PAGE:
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Complexity of Translating Diagnosis of Disease into Treatment Varies

A professor with the Western College of Veterinary Medicine says the challenges associated with translating the diagnosis of an infection into a course of treatment will vary depending on the individual case.
In May of 2021 the Western College of Veterinary Medicine and Prairie Diagnostic Services partnered in the launch of a new swine diagnostic extension service.

As part of that service Prairie Diagnostic Services provides the diagnostic analysis and, in complex cases, veterinarians with the Western College of Veterinary Medicine provide additional support to help interpret those findings.

Dr. John Harding, a professor in the Department of Large Animal Clinical Sciences with the Western College of Veterinary Medicine, says the complexity of translating the diagnosis of a disease or a condition into a course of treatment really depends on the case.

Clip-Dr. John Harding-Western College of Veterinary Medicine:

Some cases are reasonably straightforward.An example would be pigs that maybe have a respiratory disease and the question is really quite simple.What pathogens are there and how do we control those pathogens?

Those ones are reasonably straightforward but, on the other hand, we could get some challenging difficult cases for all of us.An example there is some pigs that are unthrifty or wasting or just not growing very well, the pathology is not particularly clear or evident.After we look for and do some testing for individual pathogens, there's nothing really jumping out at us.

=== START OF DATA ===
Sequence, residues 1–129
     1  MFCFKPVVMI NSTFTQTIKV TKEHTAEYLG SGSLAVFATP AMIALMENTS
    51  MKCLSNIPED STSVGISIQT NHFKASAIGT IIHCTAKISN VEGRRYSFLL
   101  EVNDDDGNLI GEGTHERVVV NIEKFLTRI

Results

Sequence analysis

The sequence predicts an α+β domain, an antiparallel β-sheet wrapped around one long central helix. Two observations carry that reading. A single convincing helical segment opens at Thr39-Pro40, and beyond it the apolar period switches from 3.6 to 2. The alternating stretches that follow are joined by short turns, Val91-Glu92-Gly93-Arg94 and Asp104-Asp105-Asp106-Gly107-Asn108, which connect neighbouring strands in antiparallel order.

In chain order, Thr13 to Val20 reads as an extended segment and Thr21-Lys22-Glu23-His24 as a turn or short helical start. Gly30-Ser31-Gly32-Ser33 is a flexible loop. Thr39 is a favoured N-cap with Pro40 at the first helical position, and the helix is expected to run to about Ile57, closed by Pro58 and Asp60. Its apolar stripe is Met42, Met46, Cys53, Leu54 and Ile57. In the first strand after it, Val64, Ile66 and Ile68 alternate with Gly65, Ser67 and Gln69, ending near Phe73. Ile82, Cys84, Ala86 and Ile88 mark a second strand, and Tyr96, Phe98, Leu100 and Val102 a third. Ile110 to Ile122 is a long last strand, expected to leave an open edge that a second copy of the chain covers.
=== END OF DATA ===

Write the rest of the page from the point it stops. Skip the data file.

Either of these cases could be there’s just not much coming up and therefore we need more submissions and potentially more tests or sometimes it's the opposite that there's all sorts of pathogens that jump out and then you try to sort out which one is in fact more important than the other.Sometimes then we have to reach out and then take those cases into the research laboratory or just other more research applied type techniques, next generation sequencing and things like that.

Dr. Harding says the service targets three main groups, including mixed animal practitioners, veterinarians across western Canada that deal specifically with swine and the professionals that are running the actual assays.

Source : Farmscape.ca

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